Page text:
As any halfway-attentive motorist driving through our part of the country must have noticed, several billboards these days advertise, in one form or another, a smaller telephone company's determination to vie with "the big telephone company" for a share of the public's business. It is all part of the competition that has gone on in telecommunications since Congress deregulated the industry in the 1980s.
But the fact is (as some of those billboards go on to imply or state outright), the competition is, by its nature, unequal. There are numerous natural advantages which the established network of Bell companies possess, based largely on their name recognition, long-developed infrastructures, and superior prowess in what President Bush likes to call "capital formation."
Still, fair is fair, and the rules of a free-market society permit such advantages. What isn't so fair is the way, documented in this issue of the Flyer, that a large company can frustrate the incentives created by Congress that both enable smaller companies or those with specialized focus to compete and provide a means for impoverished customers to afford basic telephone service.
That's exactly what has happened, however, with the way that BellSouth, the monolith of the telecommunications industry in these parts, has handled subsidy programs for such customers that have been authorized by the state and federal governments. In the former case, the state has directed BellSouth, under its state license, to collect a small surcharge from its regular customers to help defray the monthly service costs of disadvantaged subscribers. In the latter case, the federal government provides an outright subsidy to defray the costs of installation.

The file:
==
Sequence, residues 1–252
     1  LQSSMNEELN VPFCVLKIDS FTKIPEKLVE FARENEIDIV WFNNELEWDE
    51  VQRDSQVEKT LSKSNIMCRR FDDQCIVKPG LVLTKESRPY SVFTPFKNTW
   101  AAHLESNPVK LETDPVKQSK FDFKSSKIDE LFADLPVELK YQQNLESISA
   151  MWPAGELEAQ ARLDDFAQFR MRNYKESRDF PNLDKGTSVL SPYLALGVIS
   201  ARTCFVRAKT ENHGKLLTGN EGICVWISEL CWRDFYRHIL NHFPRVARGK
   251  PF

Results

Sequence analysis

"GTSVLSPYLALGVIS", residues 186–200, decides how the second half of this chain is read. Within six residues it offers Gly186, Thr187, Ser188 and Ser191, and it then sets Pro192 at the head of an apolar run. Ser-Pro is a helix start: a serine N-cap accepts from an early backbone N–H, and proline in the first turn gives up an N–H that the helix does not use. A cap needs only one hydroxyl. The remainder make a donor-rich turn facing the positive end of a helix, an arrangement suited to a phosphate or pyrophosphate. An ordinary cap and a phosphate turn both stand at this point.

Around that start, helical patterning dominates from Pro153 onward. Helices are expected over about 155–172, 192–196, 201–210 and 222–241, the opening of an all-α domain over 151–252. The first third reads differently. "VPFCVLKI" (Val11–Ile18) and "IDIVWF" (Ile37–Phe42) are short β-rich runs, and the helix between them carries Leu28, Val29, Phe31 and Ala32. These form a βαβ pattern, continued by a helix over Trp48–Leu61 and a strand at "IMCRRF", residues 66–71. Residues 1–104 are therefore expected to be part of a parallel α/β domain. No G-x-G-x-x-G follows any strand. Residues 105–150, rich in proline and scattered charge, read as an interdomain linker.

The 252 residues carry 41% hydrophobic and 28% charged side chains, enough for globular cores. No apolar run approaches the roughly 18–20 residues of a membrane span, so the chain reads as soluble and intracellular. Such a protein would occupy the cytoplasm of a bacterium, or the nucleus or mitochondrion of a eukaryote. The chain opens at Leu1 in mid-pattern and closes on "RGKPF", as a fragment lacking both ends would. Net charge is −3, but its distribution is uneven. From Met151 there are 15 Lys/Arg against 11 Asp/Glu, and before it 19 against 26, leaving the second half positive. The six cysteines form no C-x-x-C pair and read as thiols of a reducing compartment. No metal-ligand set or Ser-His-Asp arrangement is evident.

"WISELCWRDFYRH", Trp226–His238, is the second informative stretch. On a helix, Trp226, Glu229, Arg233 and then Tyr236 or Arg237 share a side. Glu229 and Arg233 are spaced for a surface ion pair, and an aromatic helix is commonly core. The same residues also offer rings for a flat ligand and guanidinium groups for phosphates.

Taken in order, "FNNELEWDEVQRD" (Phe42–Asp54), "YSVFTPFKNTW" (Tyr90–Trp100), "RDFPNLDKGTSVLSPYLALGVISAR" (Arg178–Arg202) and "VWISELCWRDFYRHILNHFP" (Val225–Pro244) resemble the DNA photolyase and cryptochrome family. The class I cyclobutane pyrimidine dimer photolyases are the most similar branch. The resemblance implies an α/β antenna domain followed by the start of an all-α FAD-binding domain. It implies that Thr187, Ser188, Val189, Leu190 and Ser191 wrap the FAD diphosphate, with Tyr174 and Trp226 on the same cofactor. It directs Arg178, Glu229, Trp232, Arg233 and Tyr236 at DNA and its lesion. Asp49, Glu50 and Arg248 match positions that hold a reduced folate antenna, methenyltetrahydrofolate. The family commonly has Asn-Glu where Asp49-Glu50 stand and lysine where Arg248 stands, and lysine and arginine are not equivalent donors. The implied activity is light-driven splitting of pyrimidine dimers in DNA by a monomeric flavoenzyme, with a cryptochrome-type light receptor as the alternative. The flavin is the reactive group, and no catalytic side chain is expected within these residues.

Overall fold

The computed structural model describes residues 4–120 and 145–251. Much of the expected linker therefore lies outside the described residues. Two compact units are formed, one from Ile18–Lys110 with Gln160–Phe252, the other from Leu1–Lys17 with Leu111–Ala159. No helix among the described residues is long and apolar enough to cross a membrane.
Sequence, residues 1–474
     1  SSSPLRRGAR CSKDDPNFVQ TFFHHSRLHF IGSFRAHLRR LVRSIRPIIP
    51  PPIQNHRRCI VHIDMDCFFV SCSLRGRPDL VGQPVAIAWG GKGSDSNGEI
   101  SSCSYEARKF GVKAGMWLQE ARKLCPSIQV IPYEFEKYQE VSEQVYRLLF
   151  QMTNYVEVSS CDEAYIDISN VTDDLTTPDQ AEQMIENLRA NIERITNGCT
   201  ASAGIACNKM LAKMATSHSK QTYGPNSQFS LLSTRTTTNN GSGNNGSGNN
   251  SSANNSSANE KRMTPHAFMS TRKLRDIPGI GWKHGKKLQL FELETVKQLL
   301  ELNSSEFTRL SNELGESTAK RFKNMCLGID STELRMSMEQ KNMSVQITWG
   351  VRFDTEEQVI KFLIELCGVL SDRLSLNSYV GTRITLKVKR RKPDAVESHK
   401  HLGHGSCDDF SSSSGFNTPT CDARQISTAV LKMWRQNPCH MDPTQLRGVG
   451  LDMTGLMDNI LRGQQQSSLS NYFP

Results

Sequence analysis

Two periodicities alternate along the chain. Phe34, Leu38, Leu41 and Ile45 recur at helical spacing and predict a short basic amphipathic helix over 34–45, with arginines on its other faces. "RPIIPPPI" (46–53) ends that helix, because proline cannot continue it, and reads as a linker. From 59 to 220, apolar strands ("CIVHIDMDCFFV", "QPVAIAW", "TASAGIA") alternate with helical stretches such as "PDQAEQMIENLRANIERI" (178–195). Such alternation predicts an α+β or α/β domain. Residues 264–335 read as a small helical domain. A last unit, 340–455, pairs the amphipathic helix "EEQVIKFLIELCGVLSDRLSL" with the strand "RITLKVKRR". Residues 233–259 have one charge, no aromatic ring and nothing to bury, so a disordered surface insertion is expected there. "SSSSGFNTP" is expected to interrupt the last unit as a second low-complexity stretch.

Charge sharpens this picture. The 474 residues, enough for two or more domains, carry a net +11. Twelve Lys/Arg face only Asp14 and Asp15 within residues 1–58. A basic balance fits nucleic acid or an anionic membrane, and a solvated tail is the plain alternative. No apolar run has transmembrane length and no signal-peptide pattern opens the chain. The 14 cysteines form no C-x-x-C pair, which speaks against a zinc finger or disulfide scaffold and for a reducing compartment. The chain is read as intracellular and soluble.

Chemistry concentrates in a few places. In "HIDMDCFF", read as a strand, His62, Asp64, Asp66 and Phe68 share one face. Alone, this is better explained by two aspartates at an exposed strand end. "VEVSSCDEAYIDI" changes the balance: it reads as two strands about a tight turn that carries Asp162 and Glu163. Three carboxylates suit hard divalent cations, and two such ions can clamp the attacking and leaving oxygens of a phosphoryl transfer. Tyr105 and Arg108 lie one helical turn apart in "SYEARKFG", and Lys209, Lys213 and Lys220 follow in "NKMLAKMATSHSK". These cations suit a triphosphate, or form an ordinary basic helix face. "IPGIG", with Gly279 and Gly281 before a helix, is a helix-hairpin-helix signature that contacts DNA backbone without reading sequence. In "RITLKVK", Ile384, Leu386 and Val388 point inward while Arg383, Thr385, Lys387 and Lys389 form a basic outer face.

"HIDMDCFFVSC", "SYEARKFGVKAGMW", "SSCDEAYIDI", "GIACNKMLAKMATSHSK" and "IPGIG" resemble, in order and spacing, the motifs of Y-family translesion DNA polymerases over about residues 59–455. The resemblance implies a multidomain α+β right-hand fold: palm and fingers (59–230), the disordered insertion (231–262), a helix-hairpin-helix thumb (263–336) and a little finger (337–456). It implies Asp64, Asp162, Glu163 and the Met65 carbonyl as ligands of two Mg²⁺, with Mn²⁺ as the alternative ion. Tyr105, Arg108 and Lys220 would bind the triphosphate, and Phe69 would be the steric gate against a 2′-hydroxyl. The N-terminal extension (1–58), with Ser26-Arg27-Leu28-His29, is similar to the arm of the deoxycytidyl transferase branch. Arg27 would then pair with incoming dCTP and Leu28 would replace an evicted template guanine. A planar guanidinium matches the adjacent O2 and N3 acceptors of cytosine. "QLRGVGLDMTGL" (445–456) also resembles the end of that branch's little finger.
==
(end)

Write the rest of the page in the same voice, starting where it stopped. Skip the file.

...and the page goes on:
As the article by Rebekah Gleaves in this issue indicates, a small company -- compelled like most such to contract with BellSouth for the services it provides its low-income customers -- was unable to get the larger company to pass on the collected subsidy amounts. Both the state attorney general, Paul Summers, and one of the three members of the Tennessee Regulatory Authority, Memphis' Sara Kyle, found BellSouth at fault, but two members of the TRA decided otherwise and the smaller company, without the infrastructure to process the subsidies on its own, was forced to discontinue its hard-wired telephone service.
This is an object lesson in how competition, though technically in force, can be rendered, in effect, null and void by a dominant company that knows how to play the seams of its relationship with government agencies.
As the telephone case makes clear, those in government charged with regulating utilities and other public-service industries have only a limited wherewithal. There's a clear moral to the story at a time when the president is suggesting that the new airport security forces to be created in the aftermath of the September 11th atrocities should not be federal, as such, but privately run under government regulation.